A population of fruit bats common across 2,800 miles of central Africa has been found to harbor the viruses, a joint study by the University of Cambridge and the Zoological Society of London found.
Thirty-four percent of African straw-colored fruit bats, which can live in groups of more than 1 million and often congregate near cities, were found to be infected with Lagos bat virus, a disease similar to rabies, while 42 per cent had been infected with henipaviruses, the researchers reported in the journal Nature Communications.
Fruit bats are often hunted for meat, which can result in a spread of these pathogens from animals to humans, the researchers said.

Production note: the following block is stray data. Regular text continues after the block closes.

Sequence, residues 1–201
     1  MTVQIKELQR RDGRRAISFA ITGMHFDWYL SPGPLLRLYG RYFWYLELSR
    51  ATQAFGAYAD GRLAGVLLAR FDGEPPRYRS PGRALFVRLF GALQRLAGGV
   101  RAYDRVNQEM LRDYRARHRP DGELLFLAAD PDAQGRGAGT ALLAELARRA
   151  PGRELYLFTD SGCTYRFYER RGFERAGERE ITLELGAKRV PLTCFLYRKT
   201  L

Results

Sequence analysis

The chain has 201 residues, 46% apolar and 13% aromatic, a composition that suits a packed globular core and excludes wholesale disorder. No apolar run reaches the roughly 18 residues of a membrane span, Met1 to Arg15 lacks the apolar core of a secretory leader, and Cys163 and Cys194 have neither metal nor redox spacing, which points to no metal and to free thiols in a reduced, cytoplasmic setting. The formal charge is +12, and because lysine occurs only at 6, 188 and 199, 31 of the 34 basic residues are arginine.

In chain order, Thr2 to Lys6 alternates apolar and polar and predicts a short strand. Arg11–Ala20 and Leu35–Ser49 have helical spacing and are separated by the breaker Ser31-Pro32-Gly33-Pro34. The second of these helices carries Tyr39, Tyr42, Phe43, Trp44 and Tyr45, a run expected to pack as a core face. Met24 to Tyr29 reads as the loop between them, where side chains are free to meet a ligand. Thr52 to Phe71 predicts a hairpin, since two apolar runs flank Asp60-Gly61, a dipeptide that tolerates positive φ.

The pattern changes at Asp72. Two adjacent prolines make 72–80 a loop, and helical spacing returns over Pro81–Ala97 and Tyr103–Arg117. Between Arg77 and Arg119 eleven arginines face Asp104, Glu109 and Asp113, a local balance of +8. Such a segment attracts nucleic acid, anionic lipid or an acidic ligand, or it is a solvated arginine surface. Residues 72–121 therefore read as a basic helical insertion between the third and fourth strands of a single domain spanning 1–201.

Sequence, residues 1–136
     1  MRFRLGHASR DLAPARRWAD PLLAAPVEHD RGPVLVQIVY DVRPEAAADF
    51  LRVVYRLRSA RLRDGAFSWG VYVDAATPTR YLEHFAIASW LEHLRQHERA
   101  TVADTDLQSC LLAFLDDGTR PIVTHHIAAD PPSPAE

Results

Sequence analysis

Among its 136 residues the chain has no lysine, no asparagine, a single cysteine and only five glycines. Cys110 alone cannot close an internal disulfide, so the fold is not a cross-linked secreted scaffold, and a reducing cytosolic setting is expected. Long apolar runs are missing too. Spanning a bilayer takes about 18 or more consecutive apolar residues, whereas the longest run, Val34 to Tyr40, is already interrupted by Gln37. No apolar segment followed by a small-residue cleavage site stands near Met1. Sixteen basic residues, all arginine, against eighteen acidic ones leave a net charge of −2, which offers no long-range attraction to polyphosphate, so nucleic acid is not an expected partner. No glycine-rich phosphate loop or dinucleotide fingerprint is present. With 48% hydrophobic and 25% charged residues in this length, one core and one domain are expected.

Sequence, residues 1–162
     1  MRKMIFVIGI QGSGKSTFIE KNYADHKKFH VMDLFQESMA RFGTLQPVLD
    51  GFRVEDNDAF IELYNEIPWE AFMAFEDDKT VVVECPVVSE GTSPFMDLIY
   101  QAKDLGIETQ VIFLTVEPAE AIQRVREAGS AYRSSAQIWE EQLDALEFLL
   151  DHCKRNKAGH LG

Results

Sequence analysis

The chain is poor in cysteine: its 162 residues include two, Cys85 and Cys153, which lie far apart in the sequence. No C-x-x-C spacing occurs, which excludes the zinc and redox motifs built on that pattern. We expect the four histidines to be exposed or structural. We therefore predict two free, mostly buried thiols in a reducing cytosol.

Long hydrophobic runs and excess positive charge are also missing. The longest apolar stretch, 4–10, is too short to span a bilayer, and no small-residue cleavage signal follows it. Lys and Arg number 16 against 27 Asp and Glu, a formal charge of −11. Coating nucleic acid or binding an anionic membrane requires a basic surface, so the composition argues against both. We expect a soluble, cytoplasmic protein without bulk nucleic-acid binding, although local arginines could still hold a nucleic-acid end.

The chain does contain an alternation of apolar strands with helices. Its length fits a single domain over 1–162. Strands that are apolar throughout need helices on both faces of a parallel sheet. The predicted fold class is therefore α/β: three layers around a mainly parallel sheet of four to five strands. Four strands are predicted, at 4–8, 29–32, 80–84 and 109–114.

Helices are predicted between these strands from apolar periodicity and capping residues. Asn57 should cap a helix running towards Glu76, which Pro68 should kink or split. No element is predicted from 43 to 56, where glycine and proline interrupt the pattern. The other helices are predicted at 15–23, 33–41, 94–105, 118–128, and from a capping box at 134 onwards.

Henipaviruses have caused fatal disease in humans, pigs and horses in Southeast Asia and Australia, they said.
"In Australia ... the virus has spread into horses, and from horses, this virus has passed into vets tending sick horses, and this has killed a number of people in Australia," Cambridge epidemiologist James Wood told the BBC.
"In Malaysia there was a huge outbreak associated with pigs in 1999, in which more than 100 pig farmers and slaughter house workers died."
But was no evidence yet that either of the two viruses found in the bats had spread to humans in Africa, he said.
"I think that it's no immediate cause for panic -- these viruses have probably been there for a very long time in bats.
"But I think that it does raise questions relating public health surveillance and care that should be taken to avoid possible contact that might result in transmission," he said.